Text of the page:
© Fars NewsUnited Nations Secretary General Ban Ki-moon
United Nations Secretary General Ban Ki-moon pressed the US to accept Iran as part of a broader coalition of nations discussing the violence in Syria.

"It is better to have broader participants," Ban told reporters late yesterday at the Group of 20 summit in Los Cabos, Mexico.

Asked specifically about including Iran in negotiations, he said, "yes."

Ban's comments came hours after US President Barack Obama said he and Russian President Vladimir Putin agreed to work with "all interested parties" to bring an end to the Syrian conflict. Obama didn't address whether Iran should take part in the talks, as Russia proposed last week.

The situation on the ground in Syria has intensified differences between Putin and Obama on responding to turmoil in the Arab world.

The Russian leader is mistrustful of American motives, and suspects the Obama administration is trying to topple regimes it doesn't like and replace them with US-friendly governments, according to Andrew Kuchins, a senior fellow of the Russia and Eurasia Program at the Center for Strategic and International Studies in Washington.

Putin has likened North Atlantic Treaty Organization air strikes against Libya to a "crusade" and disagreed with then President Dmitry Medvedev's decision to abstain from a Security Council resolution authorizing the no-fly zone over Libya. Along with China, Russia twice vetoed Western attempts in the UN Security Council to put pressure on Assad.

Tensions flared last week when US Secretary of State Hillary Clinton accused Russia of stoking the violence in Syria by delivering weapons and even attack helicopters to Assad's forces.

Foreign Minister Sergei Lavrov retorted that, unlike the US, the Russians "aren't shipping to Syria or anywhere else things that can be used against peaceful demonstrators."

Russia also has been at loggerheads with the US over efforts to enlist Iran in efforts to end the strife.

On Friday, UN-Arab League Special Envoy on Syria Kofi Annan called for Iran to be included in the next efforts to bring peace to Syria, countering US objections to Tehran's involvement by saying all nations with influence on the warring parties should play a role.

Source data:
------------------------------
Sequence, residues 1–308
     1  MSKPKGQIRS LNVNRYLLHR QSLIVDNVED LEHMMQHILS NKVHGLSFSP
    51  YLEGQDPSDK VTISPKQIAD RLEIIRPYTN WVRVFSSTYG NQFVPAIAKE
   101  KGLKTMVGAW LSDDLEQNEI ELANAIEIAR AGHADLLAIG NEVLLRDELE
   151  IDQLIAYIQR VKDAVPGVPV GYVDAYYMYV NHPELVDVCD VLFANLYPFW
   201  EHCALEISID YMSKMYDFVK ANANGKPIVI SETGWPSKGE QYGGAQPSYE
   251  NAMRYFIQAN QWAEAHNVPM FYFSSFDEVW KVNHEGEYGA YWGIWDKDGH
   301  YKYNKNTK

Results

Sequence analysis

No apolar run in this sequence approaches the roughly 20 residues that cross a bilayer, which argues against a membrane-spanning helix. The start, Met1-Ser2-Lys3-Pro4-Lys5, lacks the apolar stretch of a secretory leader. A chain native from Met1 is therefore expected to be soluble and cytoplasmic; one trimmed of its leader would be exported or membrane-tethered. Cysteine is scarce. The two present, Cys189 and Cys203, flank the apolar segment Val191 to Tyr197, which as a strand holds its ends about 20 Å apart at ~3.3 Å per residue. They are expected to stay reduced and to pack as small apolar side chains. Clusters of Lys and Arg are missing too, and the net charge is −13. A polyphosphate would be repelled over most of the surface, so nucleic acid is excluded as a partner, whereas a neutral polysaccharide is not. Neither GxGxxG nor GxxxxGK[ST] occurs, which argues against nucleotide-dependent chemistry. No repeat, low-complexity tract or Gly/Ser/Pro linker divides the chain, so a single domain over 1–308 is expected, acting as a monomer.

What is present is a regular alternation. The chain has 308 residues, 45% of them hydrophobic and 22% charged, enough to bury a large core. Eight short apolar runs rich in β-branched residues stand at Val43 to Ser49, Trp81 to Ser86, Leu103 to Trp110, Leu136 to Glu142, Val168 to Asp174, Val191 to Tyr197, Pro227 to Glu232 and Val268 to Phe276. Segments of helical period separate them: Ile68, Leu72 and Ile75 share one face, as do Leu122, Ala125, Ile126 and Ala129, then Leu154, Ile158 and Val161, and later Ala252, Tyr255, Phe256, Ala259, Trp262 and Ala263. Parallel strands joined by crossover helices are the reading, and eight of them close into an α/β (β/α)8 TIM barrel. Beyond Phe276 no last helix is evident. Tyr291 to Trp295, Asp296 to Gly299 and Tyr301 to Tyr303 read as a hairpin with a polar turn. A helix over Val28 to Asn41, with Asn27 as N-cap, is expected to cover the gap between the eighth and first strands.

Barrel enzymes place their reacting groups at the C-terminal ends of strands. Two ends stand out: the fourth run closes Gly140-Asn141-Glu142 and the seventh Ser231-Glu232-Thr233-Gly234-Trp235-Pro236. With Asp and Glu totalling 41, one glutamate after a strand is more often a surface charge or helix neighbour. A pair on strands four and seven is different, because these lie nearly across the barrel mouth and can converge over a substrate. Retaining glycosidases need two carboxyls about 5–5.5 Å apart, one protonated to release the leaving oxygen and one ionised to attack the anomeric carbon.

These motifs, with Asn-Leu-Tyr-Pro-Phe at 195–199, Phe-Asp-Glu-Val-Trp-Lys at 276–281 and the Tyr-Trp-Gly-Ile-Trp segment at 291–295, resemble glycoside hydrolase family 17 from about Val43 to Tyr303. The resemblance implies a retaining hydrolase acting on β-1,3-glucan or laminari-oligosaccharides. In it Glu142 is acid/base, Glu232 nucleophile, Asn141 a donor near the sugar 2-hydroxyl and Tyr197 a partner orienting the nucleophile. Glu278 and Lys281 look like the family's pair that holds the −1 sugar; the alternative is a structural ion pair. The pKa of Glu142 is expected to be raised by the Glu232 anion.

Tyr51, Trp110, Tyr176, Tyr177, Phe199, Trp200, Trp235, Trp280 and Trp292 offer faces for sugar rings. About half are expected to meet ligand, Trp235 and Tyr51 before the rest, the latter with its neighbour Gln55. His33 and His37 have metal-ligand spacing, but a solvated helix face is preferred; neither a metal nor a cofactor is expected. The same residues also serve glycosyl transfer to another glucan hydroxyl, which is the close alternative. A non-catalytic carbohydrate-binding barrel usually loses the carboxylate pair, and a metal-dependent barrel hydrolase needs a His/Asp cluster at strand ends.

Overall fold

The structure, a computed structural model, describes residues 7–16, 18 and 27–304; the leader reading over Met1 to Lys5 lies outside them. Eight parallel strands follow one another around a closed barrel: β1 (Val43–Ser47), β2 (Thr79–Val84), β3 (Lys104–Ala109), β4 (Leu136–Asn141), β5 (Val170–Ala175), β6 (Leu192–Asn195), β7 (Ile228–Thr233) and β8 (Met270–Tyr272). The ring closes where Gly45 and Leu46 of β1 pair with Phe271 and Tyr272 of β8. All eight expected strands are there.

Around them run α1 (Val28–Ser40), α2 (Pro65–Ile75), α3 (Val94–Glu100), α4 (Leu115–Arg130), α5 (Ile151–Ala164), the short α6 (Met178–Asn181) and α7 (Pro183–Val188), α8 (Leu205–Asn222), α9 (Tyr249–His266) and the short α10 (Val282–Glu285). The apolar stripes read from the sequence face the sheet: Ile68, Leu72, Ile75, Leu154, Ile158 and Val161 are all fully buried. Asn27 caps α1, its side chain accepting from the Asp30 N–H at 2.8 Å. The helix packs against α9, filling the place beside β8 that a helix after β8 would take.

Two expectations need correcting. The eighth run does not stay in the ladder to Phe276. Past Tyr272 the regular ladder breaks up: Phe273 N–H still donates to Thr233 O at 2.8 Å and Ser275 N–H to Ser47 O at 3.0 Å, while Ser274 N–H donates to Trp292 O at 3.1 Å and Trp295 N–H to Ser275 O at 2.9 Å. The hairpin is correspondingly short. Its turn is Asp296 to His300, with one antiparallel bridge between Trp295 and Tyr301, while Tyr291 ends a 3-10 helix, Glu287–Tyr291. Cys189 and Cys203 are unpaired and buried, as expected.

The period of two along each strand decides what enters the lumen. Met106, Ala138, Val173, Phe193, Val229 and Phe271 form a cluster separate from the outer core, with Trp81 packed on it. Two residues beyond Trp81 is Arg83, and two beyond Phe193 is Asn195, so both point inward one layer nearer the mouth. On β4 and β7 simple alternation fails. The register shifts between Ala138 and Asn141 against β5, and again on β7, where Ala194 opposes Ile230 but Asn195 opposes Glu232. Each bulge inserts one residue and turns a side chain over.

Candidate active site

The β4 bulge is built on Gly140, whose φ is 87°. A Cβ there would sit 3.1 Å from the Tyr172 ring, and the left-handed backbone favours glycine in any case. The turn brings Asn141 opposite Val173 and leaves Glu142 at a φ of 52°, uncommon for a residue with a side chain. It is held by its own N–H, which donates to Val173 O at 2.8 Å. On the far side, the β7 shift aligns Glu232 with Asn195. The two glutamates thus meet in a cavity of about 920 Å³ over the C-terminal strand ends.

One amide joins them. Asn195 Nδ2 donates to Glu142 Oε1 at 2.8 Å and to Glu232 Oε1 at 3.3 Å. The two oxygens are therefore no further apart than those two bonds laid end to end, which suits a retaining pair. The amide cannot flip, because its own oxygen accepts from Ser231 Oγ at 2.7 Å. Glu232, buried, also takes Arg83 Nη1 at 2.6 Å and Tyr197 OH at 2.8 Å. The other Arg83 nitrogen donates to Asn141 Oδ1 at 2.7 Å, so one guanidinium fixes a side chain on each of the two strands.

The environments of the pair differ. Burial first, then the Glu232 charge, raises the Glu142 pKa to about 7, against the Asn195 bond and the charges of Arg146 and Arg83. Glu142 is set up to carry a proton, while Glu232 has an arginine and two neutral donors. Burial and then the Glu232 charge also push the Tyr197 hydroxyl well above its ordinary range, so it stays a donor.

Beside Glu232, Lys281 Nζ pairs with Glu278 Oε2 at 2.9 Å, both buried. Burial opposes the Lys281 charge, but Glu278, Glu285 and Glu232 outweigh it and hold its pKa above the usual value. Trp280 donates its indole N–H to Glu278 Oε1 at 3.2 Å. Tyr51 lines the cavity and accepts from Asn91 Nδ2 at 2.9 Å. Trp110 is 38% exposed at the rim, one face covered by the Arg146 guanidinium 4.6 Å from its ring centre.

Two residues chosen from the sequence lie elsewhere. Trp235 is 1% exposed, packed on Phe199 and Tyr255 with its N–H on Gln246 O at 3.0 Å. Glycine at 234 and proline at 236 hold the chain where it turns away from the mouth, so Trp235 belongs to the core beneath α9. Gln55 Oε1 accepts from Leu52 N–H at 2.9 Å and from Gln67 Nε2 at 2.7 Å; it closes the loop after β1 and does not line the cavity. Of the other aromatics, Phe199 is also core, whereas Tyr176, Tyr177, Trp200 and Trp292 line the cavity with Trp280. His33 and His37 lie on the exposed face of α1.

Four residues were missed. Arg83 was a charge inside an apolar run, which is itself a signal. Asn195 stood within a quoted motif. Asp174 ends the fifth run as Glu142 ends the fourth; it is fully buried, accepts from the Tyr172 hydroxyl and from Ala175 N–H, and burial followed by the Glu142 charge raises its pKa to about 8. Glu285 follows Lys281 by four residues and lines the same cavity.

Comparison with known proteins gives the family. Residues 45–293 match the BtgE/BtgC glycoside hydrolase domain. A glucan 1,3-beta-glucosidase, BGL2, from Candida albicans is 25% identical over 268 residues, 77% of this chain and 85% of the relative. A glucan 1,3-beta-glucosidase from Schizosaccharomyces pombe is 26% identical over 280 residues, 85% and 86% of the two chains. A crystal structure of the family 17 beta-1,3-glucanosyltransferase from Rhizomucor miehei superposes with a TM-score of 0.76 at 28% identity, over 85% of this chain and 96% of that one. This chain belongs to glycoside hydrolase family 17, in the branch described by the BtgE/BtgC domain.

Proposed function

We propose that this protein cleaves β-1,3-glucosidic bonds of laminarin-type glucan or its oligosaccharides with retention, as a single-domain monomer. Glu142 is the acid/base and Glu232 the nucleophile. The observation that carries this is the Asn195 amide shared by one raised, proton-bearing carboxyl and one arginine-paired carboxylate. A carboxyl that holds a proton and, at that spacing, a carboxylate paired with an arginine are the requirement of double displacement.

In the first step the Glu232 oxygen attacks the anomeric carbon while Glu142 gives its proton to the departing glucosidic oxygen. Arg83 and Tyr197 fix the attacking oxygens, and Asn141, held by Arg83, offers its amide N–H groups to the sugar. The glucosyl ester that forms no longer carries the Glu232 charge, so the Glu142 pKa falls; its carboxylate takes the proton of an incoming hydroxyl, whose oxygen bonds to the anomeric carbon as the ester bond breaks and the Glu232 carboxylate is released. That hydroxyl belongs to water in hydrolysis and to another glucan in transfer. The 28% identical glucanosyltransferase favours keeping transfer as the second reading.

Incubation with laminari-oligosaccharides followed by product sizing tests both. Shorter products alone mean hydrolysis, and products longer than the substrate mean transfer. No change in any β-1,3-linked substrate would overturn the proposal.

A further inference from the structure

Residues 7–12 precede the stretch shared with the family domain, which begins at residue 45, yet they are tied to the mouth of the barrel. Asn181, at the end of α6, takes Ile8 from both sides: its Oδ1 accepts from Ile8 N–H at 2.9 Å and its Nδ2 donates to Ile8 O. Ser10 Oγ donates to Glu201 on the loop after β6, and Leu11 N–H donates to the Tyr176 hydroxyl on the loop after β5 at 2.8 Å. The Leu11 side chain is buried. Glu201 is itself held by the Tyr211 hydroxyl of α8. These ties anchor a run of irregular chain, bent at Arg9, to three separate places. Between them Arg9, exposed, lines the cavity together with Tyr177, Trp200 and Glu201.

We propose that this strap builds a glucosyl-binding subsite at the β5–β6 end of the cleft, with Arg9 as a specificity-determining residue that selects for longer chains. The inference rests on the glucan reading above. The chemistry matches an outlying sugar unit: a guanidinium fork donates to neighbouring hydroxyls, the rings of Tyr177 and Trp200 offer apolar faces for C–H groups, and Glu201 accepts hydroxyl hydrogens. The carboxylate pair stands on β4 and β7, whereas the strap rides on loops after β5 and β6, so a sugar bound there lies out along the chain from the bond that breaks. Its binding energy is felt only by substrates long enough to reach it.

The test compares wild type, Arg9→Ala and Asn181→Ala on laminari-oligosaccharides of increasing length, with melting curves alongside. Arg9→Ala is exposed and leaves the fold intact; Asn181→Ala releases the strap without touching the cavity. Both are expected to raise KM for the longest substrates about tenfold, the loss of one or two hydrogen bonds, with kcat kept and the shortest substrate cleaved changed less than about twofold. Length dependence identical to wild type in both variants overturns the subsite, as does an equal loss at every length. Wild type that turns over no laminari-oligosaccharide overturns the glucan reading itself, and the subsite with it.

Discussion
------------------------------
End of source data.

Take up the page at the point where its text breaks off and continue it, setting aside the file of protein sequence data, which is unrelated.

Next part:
Annan earlier this month proposed convening a "contact group" of nations with influence in the region. Russian Foreign Minister Sergei Lavrov last week suggested that the broader diplomatic initiative should include Iran, but US Secretary of State Hillary Rodham Clinton immediately rejected the idea.

"It is time for countries of influence to raise the level of pressure on the parties on the ground, and to persuade them that it is in their interest to stop the killing and start talking," Annan said, quickly adding that cooperation is sorely lacking among those states.

Criticizing the US position against Iran's inclusion in the contact group, Annan said he had "made it quite clear that I believe Iran should be part of the solution."

Annan said he hoped to convene the new diplomatic forum in Geneva on June 30 but that he hadn't yet received assurances from all of those invited that they would take part.

"I have made it quite clear that I believe Iran should be part of the solution," the former UN secretary general told reporters in Geneva, flanked by Maj. Gen. Robert Mood, the head of the UN observer mission in Syria.

"If we continue the way we are going and competing with each other, it could lead to destructive competition and everyone will pay the price."

"The longer we wait, the darker Syria's future becomes," Annan said. "The humanitarian situation continues to deteriorate. ... We cannot just step back and do nothing."